Sydney University Master of Health Communications student, Caroline Chen, has just completed an internship at VIVA! HQ. Here’s what she had to say about the experience:

After two months of interning at the fabulous and frantic VIVA! headquarters it saddens me to say the end has come all too soon. Nonetheless it’s been lots of fun and I am grateful to have had the opportunity to experience the excitement first hand. I even managed to pick up a few things on the sly…

My tasks at VIVA! comprised contacting the media, media monitoring, data collection, transcribing interviews and some event-based writing – all of which have forced me to recognise that there is so much more work involved than meets the eye!

Take interviews for instance, to aid television broadcasts VIVA! often records video news releases (VNRs) featuring interviews with key spokespeople, of relevance to the particular health issue of interest at the time. This involves members of the VIVA! team organising interviews with key spokespeople, conducting actual interview and shooting overlay. Each question or take may require several attempts to perfect. Back at the office, the interviews are transcribed, overlay times are recorded and actions described. Interviews require additional transcriptions of each question and answer, and general shot notes. Once this is completed, the usable segments are only then ready to be edited for a story which VIVA! has already completed media alerts, media releases and background documents… have I lost anyone yet?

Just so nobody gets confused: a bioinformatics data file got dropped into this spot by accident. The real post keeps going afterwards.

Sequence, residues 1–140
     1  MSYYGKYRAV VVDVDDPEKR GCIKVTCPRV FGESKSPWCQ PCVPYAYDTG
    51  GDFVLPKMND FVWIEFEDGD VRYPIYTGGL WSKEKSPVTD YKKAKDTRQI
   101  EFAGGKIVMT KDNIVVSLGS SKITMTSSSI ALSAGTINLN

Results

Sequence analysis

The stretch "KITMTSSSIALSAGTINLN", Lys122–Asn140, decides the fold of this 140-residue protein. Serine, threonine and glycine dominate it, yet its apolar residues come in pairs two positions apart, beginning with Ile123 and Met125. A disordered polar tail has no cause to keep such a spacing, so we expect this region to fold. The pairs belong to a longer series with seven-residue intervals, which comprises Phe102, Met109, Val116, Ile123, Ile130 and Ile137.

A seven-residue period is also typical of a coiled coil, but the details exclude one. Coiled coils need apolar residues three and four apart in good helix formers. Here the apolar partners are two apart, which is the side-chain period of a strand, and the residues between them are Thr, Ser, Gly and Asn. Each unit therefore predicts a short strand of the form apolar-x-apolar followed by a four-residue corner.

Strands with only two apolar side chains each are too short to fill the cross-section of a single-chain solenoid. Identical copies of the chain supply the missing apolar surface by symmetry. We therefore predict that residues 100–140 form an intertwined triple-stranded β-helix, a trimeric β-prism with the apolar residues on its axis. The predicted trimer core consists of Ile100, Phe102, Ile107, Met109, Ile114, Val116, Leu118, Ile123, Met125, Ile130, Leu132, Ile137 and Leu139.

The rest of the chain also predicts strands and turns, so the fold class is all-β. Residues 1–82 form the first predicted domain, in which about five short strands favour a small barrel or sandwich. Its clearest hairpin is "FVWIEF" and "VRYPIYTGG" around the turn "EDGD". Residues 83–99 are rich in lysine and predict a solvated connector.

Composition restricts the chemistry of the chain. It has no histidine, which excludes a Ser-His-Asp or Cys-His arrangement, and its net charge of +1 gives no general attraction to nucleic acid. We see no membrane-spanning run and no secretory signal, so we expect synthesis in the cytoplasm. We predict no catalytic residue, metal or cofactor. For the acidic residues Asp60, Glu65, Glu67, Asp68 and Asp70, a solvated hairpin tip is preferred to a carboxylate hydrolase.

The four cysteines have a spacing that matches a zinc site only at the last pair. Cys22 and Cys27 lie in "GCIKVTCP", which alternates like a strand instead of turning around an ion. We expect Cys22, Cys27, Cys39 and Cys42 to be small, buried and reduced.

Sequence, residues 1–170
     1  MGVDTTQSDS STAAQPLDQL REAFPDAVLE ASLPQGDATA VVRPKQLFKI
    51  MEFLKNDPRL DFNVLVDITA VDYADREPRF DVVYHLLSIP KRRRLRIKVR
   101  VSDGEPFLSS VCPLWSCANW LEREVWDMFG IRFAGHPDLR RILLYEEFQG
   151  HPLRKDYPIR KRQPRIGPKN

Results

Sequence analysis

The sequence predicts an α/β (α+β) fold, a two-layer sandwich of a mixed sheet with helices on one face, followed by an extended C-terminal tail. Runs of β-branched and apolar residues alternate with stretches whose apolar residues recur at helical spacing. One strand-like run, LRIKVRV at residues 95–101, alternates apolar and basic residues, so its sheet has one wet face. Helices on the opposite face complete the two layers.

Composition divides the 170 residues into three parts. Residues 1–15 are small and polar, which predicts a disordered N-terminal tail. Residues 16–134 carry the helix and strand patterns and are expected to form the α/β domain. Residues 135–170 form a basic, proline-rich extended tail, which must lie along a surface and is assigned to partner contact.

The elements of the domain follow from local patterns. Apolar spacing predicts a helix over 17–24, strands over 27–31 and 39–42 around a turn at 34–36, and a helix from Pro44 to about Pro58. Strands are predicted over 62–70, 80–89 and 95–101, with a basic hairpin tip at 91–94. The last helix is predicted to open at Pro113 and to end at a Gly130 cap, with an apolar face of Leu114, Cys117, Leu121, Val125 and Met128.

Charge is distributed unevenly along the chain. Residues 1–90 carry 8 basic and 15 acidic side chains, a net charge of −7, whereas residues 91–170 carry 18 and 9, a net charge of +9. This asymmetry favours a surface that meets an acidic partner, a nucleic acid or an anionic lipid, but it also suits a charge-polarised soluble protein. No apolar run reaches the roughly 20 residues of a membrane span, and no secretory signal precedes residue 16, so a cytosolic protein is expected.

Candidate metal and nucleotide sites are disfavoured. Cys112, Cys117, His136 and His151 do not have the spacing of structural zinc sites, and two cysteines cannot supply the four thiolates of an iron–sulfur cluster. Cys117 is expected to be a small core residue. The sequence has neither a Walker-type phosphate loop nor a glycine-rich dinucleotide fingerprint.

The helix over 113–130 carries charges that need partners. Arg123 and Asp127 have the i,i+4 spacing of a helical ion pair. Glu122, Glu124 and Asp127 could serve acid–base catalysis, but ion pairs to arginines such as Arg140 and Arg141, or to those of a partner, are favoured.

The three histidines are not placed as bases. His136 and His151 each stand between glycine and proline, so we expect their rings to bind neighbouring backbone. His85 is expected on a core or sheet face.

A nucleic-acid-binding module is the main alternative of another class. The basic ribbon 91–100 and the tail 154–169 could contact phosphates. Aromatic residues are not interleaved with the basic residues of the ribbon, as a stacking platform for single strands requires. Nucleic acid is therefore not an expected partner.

Point of the story is, it was truly astounding to witness the level of complexity and amount of work that goes on behind the scenes. To learn just how much the PR work generated by VIVA! contributes to shaping of public knowledge makes it hard to imagine what media and organisational communications were like before the birth of PR.

I now know that contrary to popular belief, PR doesn’t just mean flashy events and corporate announcements in times of crises. Public Relations is an indispensable aspect of organisational operations and its far-reaching realm means involvement in all aspects of communication, including interviewing, researching, writing, contacting the media, sales, broadcasting, advertising, media monitoring and much, much more. My observations have found VIVA!’s work not only a testament to this, but an improvement upon it, by incorporating up-beat attitudes and killer shoes into the equation.

To be a part of a Health PR company such as VIVA! means that no two days will ever be the same; that you are then part of a team of professionals who masterfully combine skills and knowledge of health, media and communications; and that the end results are guaranteed to be delivered with flair and precision.

On a final note, I’d like to do some myth busting: Contrary to chick-flick PR movies and novels like Everybody Worth Knowing, I would like to announce that NOT ALL PR COMPANIES REPRESENT THE SCARY DEPICTIONS WE SEE IN POPULAR CULTURE. Despite recollections from even serious dramas like Law and Order that have in the past insinuated that PR people are so stressed and busy, they are driven to become mean and conniving coke addicts, my recent mini ethnographic experience compels me to say that it’s total bollocks and couldn’t be further from the truth.

Sign up for an internship here if you don’t believe me.